Failure to meet the military's height and weight requirements is the number one disqualifier of 18-34 year-olds.
But one Las Vegas man didn't let that stop him.
"I had struggled with weight my whole life. I’ve always been a big kid," said Luis Enrique Pinto Jr.
"I just didn’t see myself working a regular 9-to-5 every day. I definitely wanted to do something, get out there. I knew that if I were to pick up a job, I’ll be staying here for a while. There’s a whole world out there and I definitely wanted to go and see it," said Pinto.
After visiting a recruiter, Pinto was convinced the Army would be his way out, but was devastated to learn his weight wouldn't let him enlist.
"You have to meet height and weight standards. So, depending on the individual’s height and age, they have to either meet a maximum weight or we can do what’s called a tape test, where we measure, for males, their neck and their abdomen. We use their height and also their weight to come up with a body fat percentage," said Philip Long, a staff sergeant in the U.S. Army.
At 317 pounds, Luis Pinto was not allowed to enlist.
"After talking to a recruiter, I realized that the only thing holding me back was my weight," said Pinto. "That night, I made a promise to myself that i didn’t care how long it was going to take."
Driven by his desire to serve, Pinto went to work, eating healthy and working out every day.
"When no one was looking, I was doing push-ups in my room, eating right, knowing what to eat. I feel like everyone has the power to know what they take into their body, so I just took that into consideration. I just did the right thing at the end of the day," said Pinto.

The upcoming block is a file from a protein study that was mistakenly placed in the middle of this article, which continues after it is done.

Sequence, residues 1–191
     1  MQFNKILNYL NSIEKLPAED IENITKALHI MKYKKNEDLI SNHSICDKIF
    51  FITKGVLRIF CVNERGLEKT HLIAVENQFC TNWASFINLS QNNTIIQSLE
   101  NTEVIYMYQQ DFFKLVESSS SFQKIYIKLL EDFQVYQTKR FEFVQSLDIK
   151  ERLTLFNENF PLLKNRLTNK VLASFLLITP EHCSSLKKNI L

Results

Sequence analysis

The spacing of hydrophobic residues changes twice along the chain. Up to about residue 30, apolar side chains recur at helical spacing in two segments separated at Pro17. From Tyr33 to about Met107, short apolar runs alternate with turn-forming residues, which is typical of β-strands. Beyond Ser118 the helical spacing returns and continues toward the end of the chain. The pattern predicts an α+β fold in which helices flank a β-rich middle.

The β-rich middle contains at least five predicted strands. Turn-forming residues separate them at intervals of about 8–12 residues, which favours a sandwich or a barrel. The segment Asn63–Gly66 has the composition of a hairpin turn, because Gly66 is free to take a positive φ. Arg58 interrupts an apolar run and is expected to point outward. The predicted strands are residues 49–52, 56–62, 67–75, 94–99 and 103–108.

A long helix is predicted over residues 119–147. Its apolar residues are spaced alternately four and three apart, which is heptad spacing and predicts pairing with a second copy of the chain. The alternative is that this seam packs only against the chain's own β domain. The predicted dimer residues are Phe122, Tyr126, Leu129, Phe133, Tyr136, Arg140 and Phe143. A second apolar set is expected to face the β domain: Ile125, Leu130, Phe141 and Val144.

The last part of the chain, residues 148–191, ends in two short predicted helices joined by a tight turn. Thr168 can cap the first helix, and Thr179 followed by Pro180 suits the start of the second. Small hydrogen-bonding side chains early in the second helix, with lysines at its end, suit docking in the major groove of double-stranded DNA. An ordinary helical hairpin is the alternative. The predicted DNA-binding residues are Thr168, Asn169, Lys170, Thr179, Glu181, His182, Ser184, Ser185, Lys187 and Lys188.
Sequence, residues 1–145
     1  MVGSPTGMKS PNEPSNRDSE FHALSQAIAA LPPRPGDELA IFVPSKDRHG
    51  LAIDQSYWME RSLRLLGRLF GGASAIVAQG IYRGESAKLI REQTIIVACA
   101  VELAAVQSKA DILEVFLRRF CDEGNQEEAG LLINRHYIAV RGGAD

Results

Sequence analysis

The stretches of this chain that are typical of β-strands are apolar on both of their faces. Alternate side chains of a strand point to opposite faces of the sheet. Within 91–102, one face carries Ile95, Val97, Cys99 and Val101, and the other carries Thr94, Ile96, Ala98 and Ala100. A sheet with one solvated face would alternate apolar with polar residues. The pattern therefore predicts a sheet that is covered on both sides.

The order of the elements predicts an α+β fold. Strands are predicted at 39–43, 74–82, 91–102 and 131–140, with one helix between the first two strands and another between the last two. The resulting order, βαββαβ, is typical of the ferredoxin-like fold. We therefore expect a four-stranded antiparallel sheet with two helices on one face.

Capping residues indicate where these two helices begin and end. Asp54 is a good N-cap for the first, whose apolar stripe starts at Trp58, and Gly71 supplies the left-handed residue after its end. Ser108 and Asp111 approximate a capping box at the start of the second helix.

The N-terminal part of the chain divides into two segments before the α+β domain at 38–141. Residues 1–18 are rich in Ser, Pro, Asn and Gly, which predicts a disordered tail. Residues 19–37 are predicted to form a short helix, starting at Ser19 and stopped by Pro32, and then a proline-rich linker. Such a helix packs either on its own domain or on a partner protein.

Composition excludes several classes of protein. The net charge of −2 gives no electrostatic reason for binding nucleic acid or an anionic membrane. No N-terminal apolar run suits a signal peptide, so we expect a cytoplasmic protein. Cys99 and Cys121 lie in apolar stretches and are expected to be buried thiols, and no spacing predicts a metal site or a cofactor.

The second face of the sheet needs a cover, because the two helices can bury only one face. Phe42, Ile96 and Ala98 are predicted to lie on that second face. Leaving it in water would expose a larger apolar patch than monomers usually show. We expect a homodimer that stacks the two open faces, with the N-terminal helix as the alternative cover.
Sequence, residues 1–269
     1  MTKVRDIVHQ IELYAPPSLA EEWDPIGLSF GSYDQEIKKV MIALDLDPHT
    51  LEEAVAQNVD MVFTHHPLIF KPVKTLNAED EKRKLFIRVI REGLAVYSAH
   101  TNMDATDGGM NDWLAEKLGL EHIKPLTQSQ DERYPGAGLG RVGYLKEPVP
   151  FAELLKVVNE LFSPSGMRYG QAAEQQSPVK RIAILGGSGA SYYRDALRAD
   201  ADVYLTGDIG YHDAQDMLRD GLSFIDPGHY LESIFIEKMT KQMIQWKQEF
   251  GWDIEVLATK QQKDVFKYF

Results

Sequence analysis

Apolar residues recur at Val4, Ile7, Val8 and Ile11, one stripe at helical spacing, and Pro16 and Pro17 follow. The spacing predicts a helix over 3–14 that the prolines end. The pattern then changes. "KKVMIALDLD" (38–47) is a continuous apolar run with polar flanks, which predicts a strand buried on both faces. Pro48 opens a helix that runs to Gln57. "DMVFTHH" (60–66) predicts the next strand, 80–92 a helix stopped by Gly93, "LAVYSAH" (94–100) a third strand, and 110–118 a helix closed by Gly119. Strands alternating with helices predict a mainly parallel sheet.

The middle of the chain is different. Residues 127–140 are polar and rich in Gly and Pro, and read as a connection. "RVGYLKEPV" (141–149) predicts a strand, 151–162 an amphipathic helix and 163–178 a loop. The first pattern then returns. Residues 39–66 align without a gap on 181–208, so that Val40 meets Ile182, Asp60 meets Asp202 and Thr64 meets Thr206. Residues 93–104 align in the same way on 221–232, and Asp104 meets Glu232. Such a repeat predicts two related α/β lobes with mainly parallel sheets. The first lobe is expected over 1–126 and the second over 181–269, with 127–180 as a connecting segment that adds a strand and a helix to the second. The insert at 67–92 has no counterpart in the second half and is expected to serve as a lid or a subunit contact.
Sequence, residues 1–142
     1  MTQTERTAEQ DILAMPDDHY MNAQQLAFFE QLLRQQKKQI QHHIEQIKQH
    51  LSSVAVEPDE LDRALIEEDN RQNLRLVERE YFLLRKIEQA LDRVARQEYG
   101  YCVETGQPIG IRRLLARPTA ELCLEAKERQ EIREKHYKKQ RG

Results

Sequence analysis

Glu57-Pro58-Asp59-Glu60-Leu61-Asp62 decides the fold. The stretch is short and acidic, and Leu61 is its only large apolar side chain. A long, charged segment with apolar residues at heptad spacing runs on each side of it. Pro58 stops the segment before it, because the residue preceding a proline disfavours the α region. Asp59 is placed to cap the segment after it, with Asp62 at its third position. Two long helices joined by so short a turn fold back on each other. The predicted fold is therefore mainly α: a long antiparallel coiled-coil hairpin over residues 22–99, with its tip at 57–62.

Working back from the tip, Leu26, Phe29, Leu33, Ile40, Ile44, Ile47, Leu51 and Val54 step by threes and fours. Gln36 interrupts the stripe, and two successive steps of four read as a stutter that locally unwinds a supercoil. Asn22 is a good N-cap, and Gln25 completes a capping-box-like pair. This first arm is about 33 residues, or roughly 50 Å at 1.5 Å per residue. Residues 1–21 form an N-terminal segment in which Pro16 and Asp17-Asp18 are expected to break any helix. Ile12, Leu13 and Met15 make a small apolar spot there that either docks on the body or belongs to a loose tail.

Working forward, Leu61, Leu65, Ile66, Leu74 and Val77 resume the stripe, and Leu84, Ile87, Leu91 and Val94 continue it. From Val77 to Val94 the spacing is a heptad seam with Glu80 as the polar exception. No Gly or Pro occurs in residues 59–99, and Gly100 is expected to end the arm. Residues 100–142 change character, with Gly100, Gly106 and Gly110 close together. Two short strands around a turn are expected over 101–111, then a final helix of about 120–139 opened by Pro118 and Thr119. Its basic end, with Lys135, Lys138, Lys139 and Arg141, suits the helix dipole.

Over a span of just 7 months, Pinto lost 114 pounds, not only impressing his family and friends, but his Army recruiter too.
"There were a couple times where he hit a plateau. He would lose a pound or two, maybe. But to continue to push forward and put the effort and dedication in, it inspires me and it should inspire you," said Sergeant Long.
Luis Pinto's weight loss has left no doubt about his dedication or if he's strong enough to serve.
"Just that feeling that you have wearing that uniform. Just how proud you are and what you work towards for it, I think that played a big part," said Pinto.
"He will have an amazing career. His dedication, his ability, his mental toughness, it will not only serve him well in the army, but also in life," said Sergeant Long.
Luis Pinto received a $16,000 bonus for volunteering to serve as a patriot fire control enhanced operator and maintainer, who will transport, troubleshoot, and manage some of the world’s most advanced missile systems. He says his next goal is to get into officer flight training so he can one day fly for the Army.
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